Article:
Blacklisted

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Neko Case scares me. Always has. And never more so than she does here on Blacklisted, her third solo full-length. I don’t mean scary in the dumbass cheap horror-show way that tries to pass for scary in the current rock world. Rather, Case lets real life do the frightening, via murders on the interstate, foreboding flocks of blackbirds following our heroine, walking alone at night in strange neighborhoods. She conjures through her painterly poetics the kind of pure loneliness that’s all the more exhilarating. Scary because her voice simply doesn’t leave your head — even though she’s singing stories that feel like deep wounds that are fingered unconsciously. Scary because the imagery is as strong as its delivery. Scary because Blacklisted represents Case not hitting her peak, but gaining her footing as a songwriter.

Here, she’s backed by some of her usual Boyfriends (Sadies, Shadowy Men from a Shadowy Planet, a couple New Pornographers), but she also has brought some new fellas to the studio. Howe Gelb (Giant Sand) and Joey Burns and John Convertino (Calexico) bring their trademark lonesome-desert longing to their accompaniment and it works disturbingly well with Case’s voice and compositions.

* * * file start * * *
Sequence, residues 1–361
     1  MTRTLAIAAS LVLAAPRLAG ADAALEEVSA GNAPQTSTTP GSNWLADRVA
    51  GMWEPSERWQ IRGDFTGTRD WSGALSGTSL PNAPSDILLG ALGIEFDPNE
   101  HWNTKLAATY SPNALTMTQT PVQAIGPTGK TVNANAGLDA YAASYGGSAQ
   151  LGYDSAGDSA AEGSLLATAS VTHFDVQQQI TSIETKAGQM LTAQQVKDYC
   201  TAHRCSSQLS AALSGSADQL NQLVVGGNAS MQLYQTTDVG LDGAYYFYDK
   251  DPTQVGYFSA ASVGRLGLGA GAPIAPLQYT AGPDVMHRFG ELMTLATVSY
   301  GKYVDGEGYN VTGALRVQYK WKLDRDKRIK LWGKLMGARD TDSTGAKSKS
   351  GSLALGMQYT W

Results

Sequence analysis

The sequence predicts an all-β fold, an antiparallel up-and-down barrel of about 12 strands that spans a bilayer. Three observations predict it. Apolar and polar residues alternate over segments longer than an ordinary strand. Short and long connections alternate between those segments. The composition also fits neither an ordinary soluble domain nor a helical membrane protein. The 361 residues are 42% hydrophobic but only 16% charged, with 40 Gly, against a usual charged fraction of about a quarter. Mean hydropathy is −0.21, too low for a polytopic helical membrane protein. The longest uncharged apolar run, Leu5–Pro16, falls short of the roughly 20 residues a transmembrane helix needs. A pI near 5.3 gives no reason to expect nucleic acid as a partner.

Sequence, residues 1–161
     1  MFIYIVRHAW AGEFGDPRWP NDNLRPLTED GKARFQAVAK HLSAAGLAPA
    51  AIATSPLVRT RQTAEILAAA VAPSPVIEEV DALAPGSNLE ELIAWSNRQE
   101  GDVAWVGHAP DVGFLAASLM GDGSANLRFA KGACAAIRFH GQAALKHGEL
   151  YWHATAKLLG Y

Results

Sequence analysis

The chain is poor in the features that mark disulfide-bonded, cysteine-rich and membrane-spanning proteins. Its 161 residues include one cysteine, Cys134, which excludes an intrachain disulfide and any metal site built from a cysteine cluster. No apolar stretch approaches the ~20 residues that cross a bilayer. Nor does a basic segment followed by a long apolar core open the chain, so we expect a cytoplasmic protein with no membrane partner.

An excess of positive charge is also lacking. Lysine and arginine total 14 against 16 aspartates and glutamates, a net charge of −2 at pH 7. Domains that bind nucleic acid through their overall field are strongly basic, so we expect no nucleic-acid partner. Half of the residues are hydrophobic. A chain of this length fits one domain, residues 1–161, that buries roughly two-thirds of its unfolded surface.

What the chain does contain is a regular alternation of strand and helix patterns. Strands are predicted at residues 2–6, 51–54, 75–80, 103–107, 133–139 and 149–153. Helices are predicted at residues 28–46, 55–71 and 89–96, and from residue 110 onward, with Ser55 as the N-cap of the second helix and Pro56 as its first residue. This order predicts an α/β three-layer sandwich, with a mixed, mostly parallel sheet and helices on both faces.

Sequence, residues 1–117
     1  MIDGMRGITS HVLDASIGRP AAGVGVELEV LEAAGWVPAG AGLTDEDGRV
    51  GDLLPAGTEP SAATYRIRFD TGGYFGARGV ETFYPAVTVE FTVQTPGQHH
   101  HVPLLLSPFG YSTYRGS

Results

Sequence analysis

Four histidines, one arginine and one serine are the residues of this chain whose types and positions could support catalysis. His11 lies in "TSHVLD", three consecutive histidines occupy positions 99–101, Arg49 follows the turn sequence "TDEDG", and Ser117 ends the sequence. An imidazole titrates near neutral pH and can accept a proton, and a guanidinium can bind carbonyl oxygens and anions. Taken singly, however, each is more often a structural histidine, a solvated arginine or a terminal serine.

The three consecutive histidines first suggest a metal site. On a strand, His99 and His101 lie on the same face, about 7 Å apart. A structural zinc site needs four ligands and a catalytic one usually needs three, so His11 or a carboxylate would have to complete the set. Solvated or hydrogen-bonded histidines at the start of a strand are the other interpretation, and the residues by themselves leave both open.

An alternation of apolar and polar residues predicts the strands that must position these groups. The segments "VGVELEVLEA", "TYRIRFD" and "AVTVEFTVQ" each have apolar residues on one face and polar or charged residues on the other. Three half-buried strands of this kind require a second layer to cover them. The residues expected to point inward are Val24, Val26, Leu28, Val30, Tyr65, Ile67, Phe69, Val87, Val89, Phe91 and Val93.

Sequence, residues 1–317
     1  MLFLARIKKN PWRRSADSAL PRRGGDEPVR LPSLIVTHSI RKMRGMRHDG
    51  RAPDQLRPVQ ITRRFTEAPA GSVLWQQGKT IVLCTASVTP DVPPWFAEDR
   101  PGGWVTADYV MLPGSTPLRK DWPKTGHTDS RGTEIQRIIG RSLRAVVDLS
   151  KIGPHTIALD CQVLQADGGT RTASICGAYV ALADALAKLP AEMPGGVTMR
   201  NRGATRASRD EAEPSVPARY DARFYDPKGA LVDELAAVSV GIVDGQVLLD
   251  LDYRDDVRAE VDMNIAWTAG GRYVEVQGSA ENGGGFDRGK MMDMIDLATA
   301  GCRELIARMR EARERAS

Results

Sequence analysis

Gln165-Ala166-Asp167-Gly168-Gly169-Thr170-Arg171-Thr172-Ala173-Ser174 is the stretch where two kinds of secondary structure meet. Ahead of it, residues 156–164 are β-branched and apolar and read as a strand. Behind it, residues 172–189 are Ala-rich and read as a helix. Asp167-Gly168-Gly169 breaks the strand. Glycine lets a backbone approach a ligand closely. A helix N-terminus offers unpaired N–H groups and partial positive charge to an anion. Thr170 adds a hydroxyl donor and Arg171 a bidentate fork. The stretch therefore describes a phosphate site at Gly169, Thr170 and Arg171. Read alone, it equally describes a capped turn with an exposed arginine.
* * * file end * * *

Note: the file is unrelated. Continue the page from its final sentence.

They call her an “alt-country crooner” sometimes, but that doesn’t cut it. That peg really only describes Case circa her debut album, The Virginian. Yeah, she works most apparently in the country idiom, but like her sometimes cohort and Bloodshot labelmate Kelly Hogan, Case swims deep in the river of American music. You’ll hear torch songs, rock ’n’ roll, pop (or is it pop classique?), folk and gospel and on and on.

And the character of her voice takes in more landscape than that. Weepy, growling, soaring, demanding, demure, bittersweet, snotty — they’re all bent to her will. Of course, “I Wish I Was the Moon” could have sprung from Dolly, Loretta, Peggy or Tammy. “Things That Scare Me,” the opener, could give Sixteen Horsepower’s David Eugene Edwards a run for his Southern Gothic money (seriously). But on tracks like “Look for Me (I’ll Be Around),” “Pretty Girls” and the title cut she’s crafted songs that are without a country, giving them life with a voice that’s without equal. Scary, indeed.

E-mail Chris Handyside at letters@metrotimes.com.

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